NEWS: With increasing technological capacity that the intelligence community has provided to the government, there is growing fear of tyranny that can be imposed by the government.
- There have been allegations of spying by the Government of India using spyware Pegasus.
SURVEILLANCE IN A DEMOCRACY
- The amount of surveillance that should be there in a democracy is always a point of debate. Experts feel just like salt, a small amount of surveillance is necessary for the health of the body politic, however its excess is dangerous.
- Excessive and unaccountable surveillance imperils privacy, freedom of thought, of speech, shatters bedrock of rule of law and has a chilling effect on people’s behaviour.
- There is a need to balance liberties with national security, but it should not come at the cost of the very liberties such security is supposed to allow us.
- Government claims of all its surveillance being authorised and justified is not correct because of such surveillance being not proportionate. They are further prone to misuse for personal and political gain, and to harass opponents.
EVIDENCES OF SURVEILLANCE
Numerous examples of unlawful surveillance which seem to be for political and personal gain and have nothing to do with national security or organised crime can be found in India. However very few cases have been held legally accountable for unlawful surveillance.
- For example: In 2012 in Himachal Pradesh, the new government raided police agencies. It found over a lakh phone conversations of over a thousand people. The conversation was mainly of political members, and many senior police officials, including the Director General of Police (DGP), who is legally responsible for conducting phone taps in the State.
- Not only state actors but even Non-state actors such as the Essar group, have also been shown to engage in illegal surveillance.
- K.K. Paul, then the Governor of Meghalaya noted complaints by telecom operators that private individuals were misusing police contacts to tap phone calls of opponents in trade or estranged spouses.
LAWS DEALING WITH SURVEILLANCE IN INDIA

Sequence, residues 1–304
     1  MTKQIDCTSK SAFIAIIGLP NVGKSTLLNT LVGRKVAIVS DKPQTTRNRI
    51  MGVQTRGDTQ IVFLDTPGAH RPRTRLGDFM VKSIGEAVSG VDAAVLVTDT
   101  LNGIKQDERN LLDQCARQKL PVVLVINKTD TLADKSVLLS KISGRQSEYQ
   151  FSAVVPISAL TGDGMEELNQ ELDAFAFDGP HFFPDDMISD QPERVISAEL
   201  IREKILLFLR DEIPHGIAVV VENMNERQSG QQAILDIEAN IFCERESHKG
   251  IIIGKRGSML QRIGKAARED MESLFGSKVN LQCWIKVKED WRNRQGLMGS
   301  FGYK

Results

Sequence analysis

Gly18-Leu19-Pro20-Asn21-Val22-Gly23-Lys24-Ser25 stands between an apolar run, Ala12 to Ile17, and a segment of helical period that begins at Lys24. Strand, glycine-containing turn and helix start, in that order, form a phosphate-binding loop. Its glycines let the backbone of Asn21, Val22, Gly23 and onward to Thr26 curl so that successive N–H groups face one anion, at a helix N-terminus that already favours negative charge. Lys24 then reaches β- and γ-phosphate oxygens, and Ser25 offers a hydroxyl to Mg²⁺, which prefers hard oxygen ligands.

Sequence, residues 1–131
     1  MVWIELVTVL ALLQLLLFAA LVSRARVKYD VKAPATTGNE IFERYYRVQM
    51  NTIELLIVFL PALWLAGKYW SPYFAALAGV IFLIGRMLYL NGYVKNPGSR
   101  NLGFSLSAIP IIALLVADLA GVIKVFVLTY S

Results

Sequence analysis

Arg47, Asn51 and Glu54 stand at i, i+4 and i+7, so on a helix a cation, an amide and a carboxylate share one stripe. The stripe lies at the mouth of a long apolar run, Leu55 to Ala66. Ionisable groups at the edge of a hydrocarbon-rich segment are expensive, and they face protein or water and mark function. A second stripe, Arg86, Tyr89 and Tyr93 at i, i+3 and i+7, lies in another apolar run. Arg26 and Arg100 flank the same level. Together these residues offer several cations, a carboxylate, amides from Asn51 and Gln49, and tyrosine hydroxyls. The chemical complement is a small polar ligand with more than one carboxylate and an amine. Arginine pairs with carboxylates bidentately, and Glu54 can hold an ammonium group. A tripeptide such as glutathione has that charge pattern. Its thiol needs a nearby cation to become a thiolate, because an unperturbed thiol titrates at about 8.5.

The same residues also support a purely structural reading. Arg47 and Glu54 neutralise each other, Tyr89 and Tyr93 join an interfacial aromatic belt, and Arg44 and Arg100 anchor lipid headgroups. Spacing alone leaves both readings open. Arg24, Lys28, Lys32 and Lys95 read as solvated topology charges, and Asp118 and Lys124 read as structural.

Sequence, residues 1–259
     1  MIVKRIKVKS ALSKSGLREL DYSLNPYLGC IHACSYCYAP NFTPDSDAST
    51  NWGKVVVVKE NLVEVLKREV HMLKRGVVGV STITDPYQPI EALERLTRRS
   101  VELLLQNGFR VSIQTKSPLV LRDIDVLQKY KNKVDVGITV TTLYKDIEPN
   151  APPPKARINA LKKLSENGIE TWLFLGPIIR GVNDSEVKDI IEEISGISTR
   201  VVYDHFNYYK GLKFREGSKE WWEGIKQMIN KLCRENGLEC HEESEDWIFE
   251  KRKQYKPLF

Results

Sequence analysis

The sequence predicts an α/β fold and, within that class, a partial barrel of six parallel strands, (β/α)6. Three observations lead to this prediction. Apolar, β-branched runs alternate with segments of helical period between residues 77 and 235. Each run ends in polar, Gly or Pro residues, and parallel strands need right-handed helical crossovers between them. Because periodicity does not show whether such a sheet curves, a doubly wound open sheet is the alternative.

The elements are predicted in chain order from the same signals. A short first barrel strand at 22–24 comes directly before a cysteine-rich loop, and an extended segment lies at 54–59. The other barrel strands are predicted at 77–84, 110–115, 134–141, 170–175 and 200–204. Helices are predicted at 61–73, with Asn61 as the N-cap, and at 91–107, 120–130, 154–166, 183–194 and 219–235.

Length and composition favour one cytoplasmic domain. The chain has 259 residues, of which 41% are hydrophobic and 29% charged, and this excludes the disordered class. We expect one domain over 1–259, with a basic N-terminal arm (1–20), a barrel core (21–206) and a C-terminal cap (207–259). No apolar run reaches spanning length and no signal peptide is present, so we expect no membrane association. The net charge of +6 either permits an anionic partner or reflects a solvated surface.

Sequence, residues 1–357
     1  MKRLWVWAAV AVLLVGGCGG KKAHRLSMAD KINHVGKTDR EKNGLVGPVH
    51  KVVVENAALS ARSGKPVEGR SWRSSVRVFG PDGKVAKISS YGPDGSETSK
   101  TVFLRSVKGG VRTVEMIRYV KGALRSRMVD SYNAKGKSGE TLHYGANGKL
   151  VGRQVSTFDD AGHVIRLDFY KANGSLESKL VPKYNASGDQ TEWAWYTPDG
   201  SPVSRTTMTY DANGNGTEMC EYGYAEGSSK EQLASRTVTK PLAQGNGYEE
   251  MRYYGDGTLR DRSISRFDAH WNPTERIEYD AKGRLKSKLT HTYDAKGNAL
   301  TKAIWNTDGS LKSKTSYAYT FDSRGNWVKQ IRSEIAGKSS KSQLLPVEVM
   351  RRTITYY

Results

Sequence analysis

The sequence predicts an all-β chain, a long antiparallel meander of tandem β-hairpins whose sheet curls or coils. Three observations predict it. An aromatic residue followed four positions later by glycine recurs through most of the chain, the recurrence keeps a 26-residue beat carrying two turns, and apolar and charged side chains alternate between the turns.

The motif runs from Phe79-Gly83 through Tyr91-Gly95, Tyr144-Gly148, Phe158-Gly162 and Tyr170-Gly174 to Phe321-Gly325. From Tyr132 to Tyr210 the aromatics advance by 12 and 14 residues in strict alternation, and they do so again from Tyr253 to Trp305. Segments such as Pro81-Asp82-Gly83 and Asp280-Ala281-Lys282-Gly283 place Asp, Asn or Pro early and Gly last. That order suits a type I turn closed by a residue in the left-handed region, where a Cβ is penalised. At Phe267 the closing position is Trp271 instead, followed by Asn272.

- Interception and monitoring of communications are authorised under Section 92 of the CrPC (for call records, etc), Rule 419A of the Telegraph Rules, and the rules under Sections 69 and 69B of the IT Act. However, there is a lack of clarity over application of these laws.
- In 2018, nine central agencies and one State agency were authorised to conduct intercepts under Section 69 of the IT Act.
- There is unclarity over which entities count as intelligence and security agencies. Whereas Intelligence Organisations Act, which restricts the civil liberties of intelligence agency employees, lists only four agencies, RTI Act lists 22 agencies as “intelligence and security organisations established by the central government” that are exempt from the RTI Act.
- Various surveillance programs such as CMS, TCIS, NETRA, CCTNS are problematic because they don’t have any authorisation by any statute. They violate K.S. Puttaswamy judgment (2017) which held that any invasion of privacy could only be justified if it satisfied three tests which are:
- Firstly, restrictions must be by law.
- Secondly it must be necessary and only if other means are not available and proportionate.
- Thirdly, it must promote a legitimate state interest (e.g. national security).
RECOMMENDATIONS REGARDING SURVEILLANCE
To ensure accountability various recommendation has been made by various persons/committees:
- Ex Vice-President Hamid Ansari has called for creation of a standing committee of Parliament on intelligence and legislative basis for India’s agencies.
- Institute for Defence and Strategic Analysis (Ministry of Defence-funded think-tank) in its report “A Case for Intelligence Reforms in India” recommended that intelligence agencies in India must be provided a legal framework for their existence and functioning. The committee has further recommended that functioning of these intelligence agencies must be under Parliamentary oversight and scrutiny.
- Srikrishna Committee on data protection noted that post the K.S. Puttaswamy judgment, most of India’s intelligence agencies, National Intelligence Agency being an exception, are potentially unconstitutional since they are not constituted under a statute passed by Parliament.
- Reforms are needed in India which can professionalise intelligence gathering, bring intelligence agencies under parliamentary oversight and ensure civil liberties and rule of law.